Sunday, 5 April 2015

The first cup of coffee - with onboard power!

For last Christmas (2014) my brother Winny gave me a nice present: a Waeco PerfectCoffee MC01 coffee maker, powered by just 12V. I had not yet dared to try it out, because of the anticipated power needed. The 12V version requires 170W (as of the manual; the website states actually 180W), which translates to 15A current. But now with the updated wiring which supports up to 30A I was finally in a position to give it a try.

So I filled in the coffee and the water and started the coffee maker. The voltage of the consumer circuit which had been at a healthy 12.9V dropped instantly to 10.8V. So I decided to start the car engine to give some power support with the alternator. Then the voltage went up to 12.0V in the consumer circuit. On the solar panel controller I could see that the battery voltage at that point actually was even much higher: at 13.2V because of the alternator, while the consumer circuit still was at 12V. The current draw of the coffee maker was then 13A.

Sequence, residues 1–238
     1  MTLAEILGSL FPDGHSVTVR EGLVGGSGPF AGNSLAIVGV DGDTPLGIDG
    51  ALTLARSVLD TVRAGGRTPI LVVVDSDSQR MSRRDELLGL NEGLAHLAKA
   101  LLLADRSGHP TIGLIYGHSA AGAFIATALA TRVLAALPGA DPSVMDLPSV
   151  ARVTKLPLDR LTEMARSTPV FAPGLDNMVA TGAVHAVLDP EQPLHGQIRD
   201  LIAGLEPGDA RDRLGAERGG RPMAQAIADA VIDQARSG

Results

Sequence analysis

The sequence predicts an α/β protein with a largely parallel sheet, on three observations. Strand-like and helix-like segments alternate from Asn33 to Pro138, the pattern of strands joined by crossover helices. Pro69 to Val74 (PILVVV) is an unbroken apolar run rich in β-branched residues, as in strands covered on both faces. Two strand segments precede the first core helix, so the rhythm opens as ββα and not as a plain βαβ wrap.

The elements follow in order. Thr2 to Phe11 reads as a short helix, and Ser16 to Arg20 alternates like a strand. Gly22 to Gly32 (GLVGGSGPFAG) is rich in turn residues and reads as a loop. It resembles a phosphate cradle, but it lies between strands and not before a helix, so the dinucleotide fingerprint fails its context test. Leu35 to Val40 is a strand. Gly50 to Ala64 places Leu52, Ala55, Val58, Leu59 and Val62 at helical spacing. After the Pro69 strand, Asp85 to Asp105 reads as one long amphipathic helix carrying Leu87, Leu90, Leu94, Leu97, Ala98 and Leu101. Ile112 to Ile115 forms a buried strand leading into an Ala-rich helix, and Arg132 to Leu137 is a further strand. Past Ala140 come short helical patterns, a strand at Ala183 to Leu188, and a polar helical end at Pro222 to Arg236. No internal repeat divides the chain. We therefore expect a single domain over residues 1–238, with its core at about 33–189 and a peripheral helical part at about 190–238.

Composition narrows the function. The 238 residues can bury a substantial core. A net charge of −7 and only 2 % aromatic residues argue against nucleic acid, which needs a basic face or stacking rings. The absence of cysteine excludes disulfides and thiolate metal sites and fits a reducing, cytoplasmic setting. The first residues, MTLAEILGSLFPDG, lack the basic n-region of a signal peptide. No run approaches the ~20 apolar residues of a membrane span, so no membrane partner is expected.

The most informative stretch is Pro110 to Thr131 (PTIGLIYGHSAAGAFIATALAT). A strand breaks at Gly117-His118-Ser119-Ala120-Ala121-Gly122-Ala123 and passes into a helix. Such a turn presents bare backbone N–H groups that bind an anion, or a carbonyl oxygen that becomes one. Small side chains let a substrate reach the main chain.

This is because of the voltage regulator in the solar panel control which limits the voltage of the consumer circuits. Once I have my own control box ready, I will have some more clarity regarding the various voltages and the currents that flow in the electric system.

When I switched off the car engine to have the coffee maker powered only on by the battery, I did observe the battery voltage still showing a value of 11.7V, while the consumer circuit voltage was at 10.8V. The current draw then was 11A.

But in the meantime the coffee was brewing nicely.

And after about 12 minutes a cup of delicious coffee was ready. Excellent! Now I can be completely mobile and have a cup of coffee. Can surely be also made into a tea cooker. And all without the need for any gas bottle or gas cooker - GREAT!

The next test of a major appliance will be the batter-powered microwave oven - also a present from my technology-conscious brother Winny. For this one I want to have my junction box ready, so that I can see the power distribution of the required 30 or so Ampere...!

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